matzine

matzine #13 Jargon

Jargon can be defined both as a language particular to a trade or discipline and an unintelligible code. The ways through which we discuss a piece of work or an object is inextricably tied to how the profession that made it is perceived and experienced by others. Much like any other language, each ‘jargon’ is comfortably familiar to some, alien and intangible to others; this secrecy allows a skill to be guarded, to build intriguing fortresses that ultimately add value and distinction.

Arguably, in architecture it is on the blurry boundaries with other disciplines where the most exciting and innovative things are taking place. In talking about art and architecture, we often find jargon to be both inescapable and irresistible – in particular when it takes a form other than the spoken.

In collaboration, each discipline must exchange particular forms of expression with the understanding that something may be gained – as well as lost – in the translation. How do we balance this exchange with a critical language that is necessarily immersive and unselfconscious?

In matzine 13, the editors sought to explore these themes, and to invite for inquiry some of the questions which might frame them. Contributors have responded admirably, throughout a welcome collection of pieces that range from the sincere to the playful; some reference the theme implicitly, leaving the reader to elucidate, while others provoke with definitive response.

We have included submissions which argue cogently for and against jargon; pieces which in their composition aim to eliminate it; and pieces that are jargon – some submissions even represent a gleeful celebration of it. One essay argues for the utility of its failure – how ‘glitches’ in a digital, code-based design process can offer the possibility of unintended outcomes – while another two question the result of jargon finding itself in the built environment, having been assisted in escaping the page by humans in possession of good intentions.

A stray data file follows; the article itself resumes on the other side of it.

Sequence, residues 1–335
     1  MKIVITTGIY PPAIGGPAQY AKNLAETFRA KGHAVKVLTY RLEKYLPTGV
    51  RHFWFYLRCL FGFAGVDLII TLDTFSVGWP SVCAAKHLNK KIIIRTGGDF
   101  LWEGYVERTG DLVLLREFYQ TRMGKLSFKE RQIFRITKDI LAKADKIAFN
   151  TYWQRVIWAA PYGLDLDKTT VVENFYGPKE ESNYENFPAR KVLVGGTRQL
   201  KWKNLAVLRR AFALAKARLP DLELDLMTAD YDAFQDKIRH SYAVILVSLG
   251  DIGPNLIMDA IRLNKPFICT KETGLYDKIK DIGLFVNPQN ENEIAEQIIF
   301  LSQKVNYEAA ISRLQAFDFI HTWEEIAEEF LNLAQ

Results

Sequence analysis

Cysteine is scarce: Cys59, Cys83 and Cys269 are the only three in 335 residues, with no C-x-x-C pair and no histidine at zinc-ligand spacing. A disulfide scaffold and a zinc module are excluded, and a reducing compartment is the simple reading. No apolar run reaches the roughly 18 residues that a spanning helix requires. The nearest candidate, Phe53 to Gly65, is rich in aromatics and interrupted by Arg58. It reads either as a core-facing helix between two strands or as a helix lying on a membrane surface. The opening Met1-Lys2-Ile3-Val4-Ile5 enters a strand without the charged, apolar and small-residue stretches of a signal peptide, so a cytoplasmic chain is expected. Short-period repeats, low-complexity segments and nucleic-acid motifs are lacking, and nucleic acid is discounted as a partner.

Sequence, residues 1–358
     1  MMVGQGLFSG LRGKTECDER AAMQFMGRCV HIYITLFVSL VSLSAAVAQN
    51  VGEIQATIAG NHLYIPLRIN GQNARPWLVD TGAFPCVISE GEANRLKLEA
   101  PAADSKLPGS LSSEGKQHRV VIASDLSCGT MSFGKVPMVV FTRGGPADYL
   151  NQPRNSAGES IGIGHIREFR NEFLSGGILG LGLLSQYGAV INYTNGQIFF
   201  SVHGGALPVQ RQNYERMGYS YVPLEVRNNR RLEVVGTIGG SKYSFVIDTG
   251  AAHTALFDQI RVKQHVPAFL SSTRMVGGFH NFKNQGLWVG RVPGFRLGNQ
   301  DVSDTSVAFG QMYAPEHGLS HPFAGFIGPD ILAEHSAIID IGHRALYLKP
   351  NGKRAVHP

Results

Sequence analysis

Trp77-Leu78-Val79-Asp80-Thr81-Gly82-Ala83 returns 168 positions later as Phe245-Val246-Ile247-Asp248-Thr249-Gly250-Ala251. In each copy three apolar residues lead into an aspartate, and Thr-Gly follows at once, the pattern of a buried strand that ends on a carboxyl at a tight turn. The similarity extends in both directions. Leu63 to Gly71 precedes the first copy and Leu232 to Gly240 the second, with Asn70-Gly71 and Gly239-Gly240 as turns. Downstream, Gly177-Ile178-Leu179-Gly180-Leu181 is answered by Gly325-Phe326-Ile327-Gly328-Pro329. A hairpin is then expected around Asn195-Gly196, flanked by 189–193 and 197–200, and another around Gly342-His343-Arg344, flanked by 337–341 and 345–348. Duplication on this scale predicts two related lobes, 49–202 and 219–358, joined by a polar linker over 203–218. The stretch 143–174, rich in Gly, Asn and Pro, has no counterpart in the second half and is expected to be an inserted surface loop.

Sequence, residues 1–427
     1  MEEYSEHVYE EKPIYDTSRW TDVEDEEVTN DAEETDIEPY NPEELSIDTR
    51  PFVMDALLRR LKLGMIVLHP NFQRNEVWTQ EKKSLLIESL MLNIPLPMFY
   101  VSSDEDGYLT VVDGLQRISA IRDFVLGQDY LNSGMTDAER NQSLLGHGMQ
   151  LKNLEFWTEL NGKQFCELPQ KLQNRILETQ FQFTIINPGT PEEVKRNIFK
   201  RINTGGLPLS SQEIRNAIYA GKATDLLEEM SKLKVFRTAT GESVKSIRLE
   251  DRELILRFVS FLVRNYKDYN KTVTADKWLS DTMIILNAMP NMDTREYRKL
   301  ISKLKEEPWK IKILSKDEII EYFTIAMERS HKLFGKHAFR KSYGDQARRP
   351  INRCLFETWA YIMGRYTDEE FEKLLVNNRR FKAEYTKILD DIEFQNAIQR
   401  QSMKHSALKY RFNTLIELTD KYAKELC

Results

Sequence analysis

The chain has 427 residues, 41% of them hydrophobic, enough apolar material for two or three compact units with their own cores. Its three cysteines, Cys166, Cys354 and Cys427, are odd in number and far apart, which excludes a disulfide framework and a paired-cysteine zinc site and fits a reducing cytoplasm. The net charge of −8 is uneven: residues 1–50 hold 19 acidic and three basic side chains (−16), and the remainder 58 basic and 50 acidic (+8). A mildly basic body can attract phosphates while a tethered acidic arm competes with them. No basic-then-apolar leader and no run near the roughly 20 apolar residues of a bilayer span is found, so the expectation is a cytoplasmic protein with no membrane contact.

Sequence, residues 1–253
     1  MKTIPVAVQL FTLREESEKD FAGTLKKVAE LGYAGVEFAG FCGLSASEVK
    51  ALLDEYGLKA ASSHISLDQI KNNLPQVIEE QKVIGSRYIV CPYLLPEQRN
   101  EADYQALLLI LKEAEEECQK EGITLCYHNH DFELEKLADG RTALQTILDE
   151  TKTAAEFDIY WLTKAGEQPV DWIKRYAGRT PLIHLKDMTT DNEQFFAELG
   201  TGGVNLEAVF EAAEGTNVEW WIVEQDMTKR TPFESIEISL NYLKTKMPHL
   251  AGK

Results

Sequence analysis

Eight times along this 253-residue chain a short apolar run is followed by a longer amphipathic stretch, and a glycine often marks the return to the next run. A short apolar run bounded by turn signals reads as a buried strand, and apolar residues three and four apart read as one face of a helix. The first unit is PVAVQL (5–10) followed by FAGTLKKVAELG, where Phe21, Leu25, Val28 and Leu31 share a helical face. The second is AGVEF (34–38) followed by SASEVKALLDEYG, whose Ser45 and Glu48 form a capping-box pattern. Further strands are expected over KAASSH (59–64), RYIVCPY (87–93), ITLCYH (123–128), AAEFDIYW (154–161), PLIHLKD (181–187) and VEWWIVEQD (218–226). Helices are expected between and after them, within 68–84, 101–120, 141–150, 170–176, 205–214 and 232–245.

Our contributors have been just as adventurous in the form their responses take; from the Serpentine Pavilion review offered as a Pantoum – a poetic form which interweaves repeated stanza lines – to a version of architect Cedric Price’s Fun Palace distilled to the monochrome aesthetic of furniture assembly instructions. We applaud the inventiveness. Geography plays its part too: in addition to submissions from the UK we are delighted to include in this issue work from Shanghai, Tokyo, Cape Town and Torre De Moncorvo, by way of Porto.

To conclude we note that in a continuation of recent matzine issues we will be hosting an event in London to accompany the launch, during which several of our contributors will consider the use of jargon when communicating design to the public in a debate entitled ‘To Jargon or Not to Jargon?’; a question we now invite you to consider with enjoyment as you peruse the work within ■

Editors: Esme Fieldhouse & Ian Pollard

Cover illustration by Nous Vous.

First published in a limited edition of 60 for the occasion of the debate ‘TO JARGON OR NOT TO JARGON’ held at 38 Hoe Street, Walthamstow, London, on  Wednesday 21st August 2013 with the support of Waltham Forest Council.

All work © the contributors. Please respect their work and reproduce and distribute this publication, electronically and in print wherever possible. 

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